With the coronavirus pandemic keeping people at home and dampening demand for ride-sharing, Uber’s UBER +4.5% mainstay business transporting people has just taken a back seat to its younger sibling, Uber Eats.
Gross bookings in Uber’s mobility rides unit slumped 75% to $3.1 billion in the second quarter while in the delivery segment, previously known as Eats, saw gross bookings more than double to nearly $7 billion, Uber said in its earnings report late Thursday. The revenue Uber made from the delivery segment also more than doubled to $1.2 billion as mobility unit revenue fell by two-thirds to $790 million.
Both measures marked the first time the company’s delivery business topped the mobility business in size and was another telling sign of how Covid-19 has upended consumer behavior and given a leg up to the Uber Eats app that Uber started just over four years ago.
In contrast, Uber’s mobility segment revenue ended 2019 up 14% to $10.7 billion, more than four times the $2.5 billion revenue it made from the delivery unit. Before coronavirus escalated to become a global crisis, Uber’s rides revenue in the first quarter this year was still three times that of the Eats business.
Seeking to capitalize on stay-at-home consumers’ increased online orders, Uber’s delivery business has made a bigger push to expand from transporting drinks and meals for restaurants from Starbucks SBUX +0.4% to McDonald’s MCD +2% to couriering for other merchants including grocery stores and pharmacies.
A case in point, the company last month agreed to buy smaller rival Postmates for $2.65 billion in stock not only because it was attracted by Postmates’ presence in markets such as Los Angeles and Las Vegas and by its ties with small and medium-sized restaurants. Uber also said Postmates as an “early pioneer of ‘delivery-as-a-service’” would complement its move to deliver more groceries, essential items and other goods.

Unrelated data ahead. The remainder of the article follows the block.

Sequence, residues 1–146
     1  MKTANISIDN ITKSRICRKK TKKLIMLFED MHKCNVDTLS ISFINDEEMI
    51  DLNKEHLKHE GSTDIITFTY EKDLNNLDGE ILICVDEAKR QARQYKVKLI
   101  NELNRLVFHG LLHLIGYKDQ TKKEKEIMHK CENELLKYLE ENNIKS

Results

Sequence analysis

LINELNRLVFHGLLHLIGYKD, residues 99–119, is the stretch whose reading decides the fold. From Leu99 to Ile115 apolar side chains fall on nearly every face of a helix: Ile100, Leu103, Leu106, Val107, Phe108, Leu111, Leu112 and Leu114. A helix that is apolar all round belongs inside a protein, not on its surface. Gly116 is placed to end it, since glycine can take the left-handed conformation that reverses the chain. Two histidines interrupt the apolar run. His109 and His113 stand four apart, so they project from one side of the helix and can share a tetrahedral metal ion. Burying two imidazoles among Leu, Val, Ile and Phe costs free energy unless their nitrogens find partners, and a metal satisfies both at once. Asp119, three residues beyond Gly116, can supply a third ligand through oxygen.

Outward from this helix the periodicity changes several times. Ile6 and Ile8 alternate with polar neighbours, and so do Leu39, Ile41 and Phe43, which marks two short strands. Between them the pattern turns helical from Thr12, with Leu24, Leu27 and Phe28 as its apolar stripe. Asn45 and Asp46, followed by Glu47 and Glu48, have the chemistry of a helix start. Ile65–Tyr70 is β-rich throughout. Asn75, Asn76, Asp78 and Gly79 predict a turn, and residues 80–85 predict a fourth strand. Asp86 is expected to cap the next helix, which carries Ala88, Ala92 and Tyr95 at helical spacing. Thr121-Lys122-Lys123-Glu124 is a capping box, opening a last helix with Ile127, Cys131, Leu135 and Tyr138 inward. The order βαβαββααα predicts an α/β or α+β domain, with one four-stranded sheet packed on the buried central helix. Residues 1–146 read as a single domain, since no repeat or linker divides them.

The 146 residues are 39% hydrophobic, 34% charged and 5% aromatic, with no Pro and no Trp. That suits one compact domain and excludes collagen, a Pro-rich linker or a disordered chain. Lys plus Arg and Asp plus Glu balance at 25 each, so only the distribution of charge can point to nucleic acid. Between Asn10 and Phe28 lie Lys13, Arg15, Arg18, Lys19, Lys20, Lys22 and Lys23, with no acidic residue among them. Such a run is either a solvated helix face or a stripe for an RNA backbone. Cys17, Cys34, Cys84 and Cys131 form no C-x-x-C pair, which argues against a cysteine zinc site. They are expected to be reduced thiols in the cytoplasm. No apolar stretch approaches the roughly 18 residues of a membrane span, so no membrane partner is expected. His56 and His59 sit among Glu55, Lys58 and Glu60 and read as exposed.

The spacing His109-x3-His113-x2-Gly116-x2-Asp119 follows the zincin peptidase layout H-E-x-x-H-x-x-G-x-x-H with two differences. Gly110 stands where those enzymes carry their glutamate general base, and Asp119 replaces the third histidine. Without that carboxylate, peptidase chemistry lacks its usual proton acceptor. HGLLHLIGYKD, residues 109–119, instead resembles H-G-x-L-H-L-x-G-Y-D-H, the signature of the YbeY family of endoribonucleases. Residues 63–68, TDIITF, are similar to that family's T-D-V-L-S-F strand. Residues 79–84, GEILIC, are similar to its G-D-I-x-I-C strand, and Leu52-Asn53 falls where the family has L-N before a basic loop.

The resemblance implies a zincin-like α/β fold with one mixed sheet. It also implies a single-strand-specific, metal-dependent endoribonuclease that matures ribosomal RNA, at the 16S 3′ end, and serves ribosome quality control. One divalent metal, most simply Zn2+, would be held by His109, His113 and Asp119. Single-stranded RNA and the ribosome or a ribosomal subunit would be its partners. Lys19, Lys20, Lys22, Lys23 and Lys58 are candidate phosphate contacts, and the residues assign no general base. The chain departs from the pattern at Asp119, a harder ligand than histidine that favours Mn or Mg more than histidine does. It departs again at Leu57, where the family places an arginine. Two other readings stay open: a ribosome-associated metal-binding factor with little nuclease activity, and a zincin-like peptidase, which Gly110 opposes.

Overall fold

Studies have shown that a tie-up between Uber Eats and Grubhub would have created the largest U.S. food delivery app, beating current market leader DoorDash.
DoorDash had a 45% share of U.S. food-delivery sales in June, followed by Uber Eats at 24% and Grubhub at 22%, according to research firm Second Measure. Its data from July showed Postmates had an 8% share of the market in June.
“The Covid crisis has moved delivery from luxury to utility,” CEO Dara Khosrowshahi said on a conference call Thursday, adding the San Francisco company has gained new customers and seen higher order size. “We see a demand wave behind us. We see lots of competition.”
Uber last month began to allow customers in select Latin American, Canadian and U.S. cities to order groceries through the Uber and Uber Eats apps, in partnership with its majority-owned and Chile-based grocery delivery startup Cornershop. It also has unveiled Uber Connect in more than 170 cities to allow consumers to send small packages to friends and family via UberX drivers.
To be sure, the growth for Uber Eats, like many other food-delivery apps, has come at a big cost with free or low-cost delivery offers and other promotions, coupled with low consumer loyalty to any one app, eating away profit. Uber is also are under pressure from some local regulators, mostly recently those in California, to classify its drivers as employees instead of contractors.
For now, while Uber’s rides business has seen demand falter, it still managed to post a profit last quarter. The delivery business, on the other hand, posted a $232 million loss, representing about 30% of the company’s adjusted loss. The delivery business has played a key culprit in Uber remaining in the red even as its rides business has been making money in recent years. Grubhub recently also posted a second-quarter loss even as revenue also surged.
Khosrowshahi pointed to countries including France and Belgium where Uber Eats has become profitable as an indicator.
“Pure-play delivery company can be profitable,” he said, projecting Uber’s delivery business will turn profitable in the “vast majority of the countries” in a couple of years.